The year in oysters

Imagine, if you will, an oyster farm.

Seriously. Take a moment and picture it. If you’ve never seen an oyster farm, I can give you a few visual cues. A sandbar at low tide. Flat wire mesh cages, held up on legs, filled with oysters of various sizes. People, kneeling at the trays, measuring and sorting.

Got it?

Okay, now let me ask you a question. In that picture in your mind’s eye, what’s the weather? Is it warm and sunny? Maybe cool and overcast?

What are the oyster farmers wearing? Shorts and t-shirts? Waders?

Whatever it was you imagined, it’s accurate at least some of the time. On a beautiful day in August, when we’re out there in shorts, oyster farming is an excellent job. On a calm, cool, September day, it’s still good – perfect weather for physical work. But did you picture a sub-freezing, howling January day, with oyster farmers wearing float coats and balaclavas? On a day like that, oyster farming has less going for it.  Unfortunately, January is when a lot of the work has to happen.

We started selling oysters back in September, and have been making deliveries to our wholesaler in New York, W&T Seafood, every week since. January, though, is when we wind things down.

We grow our oysters in Barnstable Harbor, on intertidal flats that are about eight feet under water at high tide, but dry at low tide. It is that big tide, in part, that’s responsible for the excellent oystering conditions. Twice a day, nutrient-rich water flows into the harbor and around the oysters, insuring regular meals.

But, come winter, intertidal areas in cold climates are dangerous places. Once ice forms in the harbor, the tide is like a game of musical chairs. While the water’s in, the ice floes float, moving with the current. But, when the water goes out, it drops the ice wherever it happens to be. If where it happens to be is directly above your oystering equipment, you’re in for some serious damage.

And that’s why January finds all of us who grow oysters in the harbor bringing in our equipment. Although the oysters themselves have a good chance of surviving – if they freeze, they die only if they’re moved around – the equipment doesn’t fare so well.

It takes two seasons to grow an oyster out to three inches, which is the legal minimum in Massachusetts, so we have two years’ worth of crop on the farm. The seed we got this spring is between an inch and two inches, and that all comes out of the water, gets put in onion bags, and overwinters in a cooler, where it will stay dormant until we put it back in the water in April. The seed we got last year is what we’ve been selling, but we have about seven or eight thousand oysters that didn’t quite make it. Those, we’re going to leave out in the harbor and take our chances. The seed and the cages, though, have to come in.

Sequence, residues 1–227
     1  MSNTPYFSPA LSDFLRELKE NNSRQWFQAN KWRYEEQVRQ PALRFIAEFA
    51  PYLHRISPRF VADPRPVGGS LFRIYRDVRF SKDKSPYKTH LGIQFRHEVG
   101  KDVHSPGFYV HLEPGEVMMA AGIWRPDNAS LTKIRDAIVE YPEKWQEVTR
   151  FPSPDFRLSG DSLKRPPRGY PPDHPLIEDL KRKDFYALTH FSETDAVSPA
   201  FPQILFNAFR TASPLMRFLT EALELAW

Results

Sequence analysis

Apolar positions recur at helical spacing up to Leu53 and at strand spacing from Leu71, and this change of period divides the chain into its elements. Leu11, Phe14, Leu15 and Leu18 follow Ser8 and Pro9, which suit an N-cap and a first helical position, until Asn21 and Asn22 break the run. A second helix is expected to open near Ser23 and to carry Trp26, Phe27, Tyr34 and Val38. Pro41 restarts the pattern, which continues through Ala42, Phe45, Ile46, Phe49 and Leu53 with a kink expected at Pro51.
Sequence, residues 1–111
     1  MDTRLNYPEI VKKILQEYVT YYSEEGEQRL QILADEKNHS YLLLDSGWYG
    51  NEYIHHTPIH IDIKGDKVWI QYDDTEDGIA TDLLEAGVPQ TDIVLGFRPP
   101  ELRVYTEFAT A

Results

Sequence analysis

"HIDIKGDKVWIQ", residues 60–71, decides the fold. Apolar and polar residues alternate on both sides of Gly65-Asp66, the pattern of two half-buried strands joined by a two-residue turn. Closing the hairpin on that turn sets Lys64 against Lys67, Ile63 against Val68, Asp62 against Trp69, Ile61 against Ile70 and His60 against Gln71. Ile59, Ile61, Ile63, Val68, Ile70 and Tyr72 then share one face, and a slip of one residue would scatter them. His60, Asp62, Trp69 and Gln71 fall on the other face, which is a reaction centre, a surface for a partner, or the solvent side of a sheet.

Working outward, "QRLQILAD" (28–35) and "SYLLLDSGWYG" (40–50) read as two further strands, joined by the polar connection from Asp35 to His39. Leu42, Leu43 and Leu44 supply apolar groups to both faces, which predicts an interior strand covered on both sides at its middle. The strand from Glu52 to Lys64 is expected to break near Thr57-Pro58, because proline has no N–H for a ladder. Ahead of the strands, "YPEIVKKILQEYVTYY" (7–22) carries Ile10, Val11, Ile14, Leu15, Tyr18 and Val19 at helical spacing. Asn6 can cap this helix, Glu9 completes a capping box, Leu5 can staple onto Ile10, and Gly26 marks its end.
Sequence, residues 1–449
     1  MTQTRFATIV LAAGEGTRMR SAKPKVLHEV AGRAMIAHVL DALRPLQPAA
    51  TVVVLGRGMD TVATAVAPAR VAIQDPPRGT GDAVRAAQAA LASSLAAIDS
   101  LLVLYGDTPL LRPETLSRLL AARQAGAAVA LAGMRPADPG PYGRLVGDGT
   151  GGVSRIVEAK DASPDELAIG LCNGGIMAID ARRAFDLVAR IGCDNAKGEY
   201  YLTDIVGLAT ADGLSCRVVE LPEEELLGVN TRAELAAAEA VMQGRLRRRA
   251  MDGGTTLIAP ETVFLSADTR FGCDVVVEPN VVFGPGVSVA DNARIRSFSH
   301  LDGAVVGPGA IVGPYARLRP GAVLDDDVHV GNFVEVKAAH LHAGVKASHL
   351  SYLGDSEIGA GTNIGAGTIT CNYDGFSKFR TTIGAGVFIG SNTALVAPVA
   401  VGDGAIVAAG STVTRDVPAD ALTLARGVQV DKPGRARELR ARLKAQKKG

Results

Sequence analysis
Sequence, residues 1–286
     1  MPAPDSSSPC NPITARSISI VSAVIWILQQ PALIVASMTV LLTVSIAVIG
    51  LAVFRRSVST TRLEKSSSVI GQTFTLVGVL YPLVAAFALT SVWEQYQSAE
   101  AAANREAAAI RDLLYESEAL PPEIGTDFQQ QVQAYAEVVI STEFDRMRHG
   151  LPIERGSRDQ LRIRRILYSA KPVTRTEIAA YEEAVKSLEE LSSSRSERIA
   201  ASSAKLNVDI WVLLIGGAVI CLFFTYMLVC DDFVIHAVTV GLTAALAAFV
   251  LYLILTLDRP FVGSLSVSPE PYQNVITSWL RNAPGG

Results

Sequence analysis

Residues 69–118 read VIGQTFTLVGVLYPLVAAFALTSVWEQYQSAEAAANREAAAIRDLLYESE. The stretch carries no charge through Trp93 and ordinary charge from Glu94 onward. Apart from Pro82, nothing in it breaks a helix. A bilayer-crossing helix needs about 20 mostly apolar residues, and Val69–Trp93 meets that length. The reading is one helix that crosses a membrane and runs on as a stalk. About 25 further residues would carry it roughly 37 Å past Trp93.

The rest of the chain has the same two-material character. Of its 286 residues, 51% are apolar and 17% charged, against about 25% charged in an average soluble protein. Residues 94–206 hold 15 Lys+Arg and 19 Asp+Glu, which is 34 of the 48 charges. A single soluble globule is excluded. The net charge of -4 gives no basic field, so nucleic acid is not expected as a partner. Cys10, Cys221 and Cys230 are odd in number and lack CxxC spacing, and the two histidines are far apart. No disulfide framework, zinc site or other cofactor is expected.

We started this process back in December, by going through each tray, throwing out whatever we can’t sell, and selling whatever we can. As our inventory drops, we consolidate the cages and bring in the empties. The seed, though, we want to leave out as long as we can, because it continues to grow at least a little.

Which is why it was still out the first week in January, when we had a short cold spell. We were grounded for two or three days and, when we went back out, on January 8th, there it was. Ice. Bergs of it, scattered throughout the harbor. One landed on a clam bed near us, and we went over to get a closer look. It was about fifty feet by twenty, and four feet high. The time to get the seed in was obviously last week.

If the iceberg landed on our equipment, and we lost fifty trays and a few thousand oysters, it wouldn’t be a catastrophic loss. It would set us back, certainly, but it wouldn’t put us out of business. If, however, we lost all of next year’s crop, it would be difficult – and expensive – to bounce back.

We couldn’t bring the seed in the first day we saw the ice because we needed at least a day to line up the logistics. So we kept our fingers crossed that night, and went out the following day to get the job done. Luckily, the icebergs spared us; we had a full tide – about three hours – to both put that week’s delivery together and get our bags of seed from the farm to the dock.